Flame Wars: The Discourse of Cyberculture [NOOK Book]

Overview

Flame Wars, the verbal firefights that take place between disembodied combatants on electronic bulletin boards, remind us that our interaction with the world is increasingly mediated by computers. Bit by digital bit we are being "Borged," as devotees of Star Trek: The Next Generation would have it—transformed into cyborgian hybrids of technology and biology through our ever more frequent interaction with machines, or with one another through technological interfaces. The subcultural practices of the "incurably ...
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Flame Wars: The Discourse of Cyberculture

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Overview

Flame Wars, the verbal firefights that take place between disembodied combatants on electronic bulletin boards, remind us that our interaction with the world is increasingly mediated by computers. Bit by digital bit we are being "Borged," as devotees of Star Trek: The Next Generation would have it—transformed into cyborgian hybrids of technology and biology through our ever more frequent interaction with machines, or with one another through technological interfaces. The subcultural practices of the "incurably informed," to borrow the cyberpunk novelist Pat Cadigan’s coinage, offer a precognitive glimpse of mainstream culture in the near future, when many of us will be part-time residents in virtual communities. Yet, as the essays in this expanded edition of a special issue of the South Atlantic Quarterly confirm, there is more to fringe computer culture than cyberspace. Within these pages, readers will encounter flame warriors; new age mutant ninja hackers; technopagans for whom the computer is an occult engine; and William Gibson’s "Agrippa," a short story on software that can only be read once because it gobbles itself up as soon as the last page is reached. Here, too, is Lady El, an African American cleaning woman reincarnated as an all-powerful cyborg; devotees of on-line swinging, or "compu-sex"; the teleoperated weaponry and amok robots of the mechanical performance art group, Survival Research Laboratories; an interview with Samuel Delany, and more.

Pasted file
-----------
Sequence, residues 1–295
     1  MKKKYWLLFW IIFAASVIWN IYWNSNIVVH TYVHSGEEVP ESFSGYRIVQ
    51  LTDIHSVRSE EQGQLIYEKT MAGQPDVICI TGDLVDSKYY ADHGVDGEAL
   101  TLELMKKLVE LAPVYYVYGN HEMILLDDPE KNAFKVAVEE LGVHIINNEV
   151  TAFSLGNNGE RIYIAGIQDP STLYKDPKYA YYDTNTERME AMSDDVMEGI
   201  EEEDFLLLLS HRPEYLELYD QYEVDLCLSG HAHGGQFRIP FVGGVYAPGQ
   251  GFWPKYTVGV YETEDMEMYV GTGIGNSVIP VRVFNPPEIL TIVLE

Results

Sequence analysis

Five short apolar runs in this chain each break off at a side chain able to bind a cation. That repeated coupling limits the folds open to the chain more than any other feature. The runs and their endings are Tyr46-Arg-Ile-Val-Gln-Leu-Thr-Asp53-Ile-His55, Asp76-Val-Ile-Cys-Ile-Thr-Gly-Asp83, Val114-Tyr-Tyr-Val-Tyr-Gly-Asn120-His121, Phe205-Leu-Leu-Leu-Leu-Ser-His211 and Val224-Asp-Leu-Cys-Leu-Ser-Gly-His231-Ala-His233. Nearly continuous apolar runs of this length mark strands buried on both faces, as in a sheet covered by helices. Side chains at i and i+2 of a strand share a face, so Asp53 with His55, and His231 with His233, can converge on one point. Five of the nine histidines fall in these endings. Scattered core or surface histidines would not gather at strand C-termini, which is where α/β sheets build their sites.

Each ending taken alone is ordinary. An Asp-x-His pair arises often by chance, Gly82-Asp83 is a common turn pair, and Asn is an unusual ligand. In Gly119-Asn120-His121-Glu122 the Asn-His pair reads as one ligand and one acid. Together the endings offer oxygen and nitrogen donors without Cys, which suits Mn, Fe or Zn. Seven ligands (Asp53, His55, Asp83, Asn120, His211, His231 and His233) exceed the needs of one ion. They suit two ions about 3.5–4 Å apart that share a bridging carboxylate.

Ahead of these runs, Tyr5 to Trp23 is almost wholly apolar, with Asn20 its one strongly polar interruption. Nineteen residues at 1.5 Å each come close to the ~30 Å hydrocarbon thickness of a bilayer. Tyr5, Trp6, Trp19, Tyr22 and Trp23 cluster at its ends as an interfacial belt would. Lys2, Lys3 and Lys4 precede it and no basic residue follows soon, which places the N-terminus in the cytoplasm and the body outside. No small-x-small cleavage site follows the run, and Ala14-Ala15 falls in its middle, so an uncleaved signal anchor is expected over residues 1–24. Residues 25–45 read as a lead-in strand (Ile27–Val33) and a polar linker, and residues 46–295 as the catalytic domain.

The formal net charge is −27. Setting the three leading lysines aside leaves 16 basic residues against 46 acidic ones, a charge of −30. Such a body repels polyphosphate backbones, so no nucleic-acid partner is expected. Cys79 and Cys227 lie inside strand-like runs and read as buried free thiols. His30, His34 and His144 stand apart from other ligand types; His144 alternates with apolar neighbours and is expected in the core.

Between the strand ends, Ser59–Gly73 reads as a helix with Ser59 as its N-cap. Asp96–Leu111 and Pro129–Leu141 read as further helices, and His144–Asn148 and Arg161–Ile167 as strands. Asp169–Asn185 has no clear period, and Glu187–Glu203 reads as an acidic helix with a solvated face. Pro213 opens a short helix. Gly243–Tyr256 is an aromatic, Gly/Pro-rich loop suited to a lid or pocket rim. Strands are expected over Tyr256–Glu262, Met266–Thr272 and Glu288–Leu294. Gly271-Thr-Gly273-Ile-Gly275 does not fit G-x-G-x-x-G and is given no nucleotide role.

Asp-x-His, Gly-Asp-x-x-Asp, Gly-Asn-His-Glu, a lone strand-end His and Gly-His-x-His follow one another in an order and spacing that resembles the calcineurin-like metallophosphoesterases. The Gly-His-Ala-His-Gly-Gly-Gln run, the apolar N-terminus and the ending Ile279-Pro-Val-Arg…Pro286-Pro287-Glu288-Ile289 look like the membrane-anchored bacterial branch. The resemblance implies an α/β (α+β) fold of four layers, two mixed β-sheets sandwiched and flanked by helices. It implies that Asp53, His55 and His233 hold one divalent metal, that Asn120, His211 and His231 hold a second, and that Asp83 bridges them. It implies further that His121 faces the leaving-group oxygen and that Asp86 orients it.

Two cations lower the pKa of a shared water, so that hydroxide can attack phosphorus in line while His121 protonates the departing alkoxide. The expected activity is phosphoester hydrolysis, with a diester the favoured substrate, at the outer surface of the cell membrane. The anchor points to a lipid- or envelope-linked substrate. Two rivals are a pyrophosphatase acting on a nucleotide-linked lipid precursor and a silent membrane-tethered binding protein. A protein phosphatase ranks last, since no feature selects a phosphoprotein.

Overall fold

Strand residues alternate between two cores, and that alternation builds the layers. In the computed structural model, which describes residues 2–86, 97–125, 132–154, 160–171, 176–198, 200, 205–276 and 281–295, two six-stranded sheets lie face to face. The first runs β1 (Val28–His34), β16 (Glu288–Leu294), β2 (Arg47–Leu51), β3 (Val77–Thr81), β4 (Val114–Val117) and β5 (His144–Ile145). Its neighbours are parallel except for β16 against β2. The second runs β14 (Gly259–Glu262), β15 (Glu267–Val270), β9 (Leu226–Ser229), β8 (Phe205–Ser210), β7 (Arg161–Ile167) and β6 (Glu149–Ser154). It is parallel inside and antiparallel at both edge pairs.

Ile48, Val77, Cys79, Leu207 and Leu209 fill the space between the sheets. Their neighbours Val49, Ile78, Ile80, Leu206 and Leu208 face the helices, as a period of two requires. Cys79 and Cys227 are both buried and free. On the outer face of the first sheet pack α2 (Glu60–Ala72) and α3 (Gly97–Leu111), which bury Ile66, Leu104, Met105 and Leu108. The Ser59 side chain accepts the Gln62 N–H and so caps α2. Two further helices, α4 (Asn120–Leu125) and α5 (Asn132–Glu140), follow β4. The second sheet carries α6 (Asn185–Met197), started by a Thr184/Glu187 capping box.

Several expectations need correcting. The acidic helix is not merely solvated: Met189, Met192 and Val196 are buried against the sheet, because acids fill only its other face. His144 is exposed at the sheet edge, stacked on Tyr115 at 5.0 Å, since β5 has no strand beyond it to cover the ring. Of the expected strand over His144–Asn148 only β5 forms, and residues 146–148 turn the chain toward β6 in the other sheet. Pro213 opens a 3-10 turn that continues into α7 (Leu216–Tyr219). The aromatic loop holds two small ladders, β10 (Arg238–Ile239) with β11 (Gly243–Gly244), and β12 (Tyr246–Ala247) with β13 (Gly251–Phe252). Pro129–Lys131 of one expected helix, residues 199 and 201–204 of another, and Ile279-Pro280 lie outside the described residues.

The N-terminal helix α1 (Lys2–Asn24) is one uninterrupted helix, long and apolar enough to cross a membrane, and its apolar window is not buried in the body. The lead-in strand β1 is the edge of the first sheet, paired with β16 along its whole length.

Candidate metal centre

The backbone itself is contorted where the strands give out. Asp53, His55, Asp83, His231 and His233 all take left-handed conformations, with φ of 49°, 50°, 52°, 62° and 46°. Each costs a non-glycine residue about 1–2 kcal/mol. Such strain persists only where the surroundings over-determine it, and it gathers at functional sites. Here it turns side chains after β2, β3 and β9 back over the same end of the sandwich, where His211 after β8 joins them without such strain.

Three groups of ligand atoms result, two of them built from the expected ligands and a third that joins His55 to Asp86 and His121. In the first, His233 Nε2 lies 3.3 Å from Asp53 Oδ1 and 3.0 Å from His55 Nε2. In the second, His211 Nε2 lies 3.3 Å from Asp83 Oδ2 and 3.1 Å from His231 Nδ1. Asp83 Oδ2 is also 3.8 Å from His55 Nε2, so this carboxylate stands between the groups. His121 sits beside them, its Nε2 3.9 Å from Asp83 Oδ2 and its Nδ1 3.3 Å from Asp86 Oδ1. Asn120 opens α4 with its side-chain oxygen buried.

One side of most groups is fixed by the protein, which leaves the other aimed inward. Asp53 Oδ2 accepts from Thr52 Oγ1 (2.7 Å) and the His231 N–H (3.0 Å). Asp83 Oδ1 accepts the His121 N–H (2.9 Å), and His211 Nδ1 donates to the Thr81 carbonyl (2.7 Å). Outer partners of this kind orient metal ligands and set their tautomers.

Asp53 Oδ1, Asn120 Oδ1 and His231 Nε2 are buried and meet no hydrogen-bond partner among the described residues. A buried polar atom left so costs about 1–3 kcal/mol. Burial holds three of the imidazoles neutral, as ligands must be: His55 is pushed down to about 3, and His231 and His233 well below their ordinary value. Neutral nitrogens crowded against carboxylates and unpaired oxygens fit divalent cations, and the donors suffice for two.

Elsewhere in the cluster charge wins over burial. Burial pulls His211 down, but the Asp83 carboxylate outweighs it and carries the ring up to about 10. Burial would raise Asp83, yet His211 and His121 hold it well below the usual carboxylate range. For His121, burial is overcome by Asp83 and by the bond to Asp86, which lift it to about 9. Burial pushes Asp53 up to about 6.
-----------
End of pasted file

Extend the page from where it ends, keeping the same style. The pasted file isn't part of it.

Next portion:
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Editorial Reviews

Booknews
Essays on electronic communication, cyberpunk culture, and rants and flames in cyberspace consider subjects such as the magazine Mondo 2000, the typewriter, virtual reality, feminism, comics, and erotica for cybernauts. Includes blurry b&w photos and illustrations, and an interviews with science fictions writers Samuel R. Delaney, Greg Tate, and Tricia Rose. Paper edition unseen, $13.95. Annotation c. Book News, Inc., Portland, OR booknews.com
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Product Details

  • ISBN-13: 9780822396765
  • Publisher: Duke University Press
  • Publication date: 6/1/2012
  • Sold by: Barnes & Noble
  • Format: eBook
  • Pages: 355
  • File size: 4 MB

Meet the Author

Mark Dery is a cultural critic whose writings on technology and fringe culture have appeared in the New York Times, Rolling Stone, Wired, and Mondo 2000.

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Table of Contents








Flame Wars i
MARK DERY

New Age Mutant Ninja Hackers: Reading
Mondo 2000 ii
VIVIAN SOBCHACK

Techgnosis, Magic, Memory, and the Angels
of Information 29
ERIK DAVIS

Agrippa, or, The Apocalyptic Book 61
PETER SCHWENGER

Gibson's Typewriter 71
SCOTT BUKATMAN

Virtual Surreality: Our New Romance with
Plot Devices 91
MARC LAIDLAW

Chapter 14, Synners 113
PAT CADIGAN

Feminism for the Incurably Informed 125
ANNE BALSAMO




Sex, Memories, and Angry Women 157
CLAUDIA SPRINGER

Black to the Future: Interviews
with Samuel R. Delany, Greg Tate,
and Tricia Rose 179
MARK DERY

Compu-Sex: Erotica for Cybernauts 223
GARETH BRANWYN

A Rape in Cyberspace; or, How an Evil
Clown, a Haitian Trickster Spirit, Two
Wizards, and a Cast of Dozens Turned
a Database into a Society 237
JULIAN DIBBELL

Virtual Environments and
the Emergence of Synthetic Reason 263
MANUEL DE LANDA

Survival Research Laboratories Performs
in Austria 287
MARK PAULINE

Taming the Computer 297
GARY CHAPMAN

Glossary 321
EMILY WHITE

Index 327

Notes on Contributors 347






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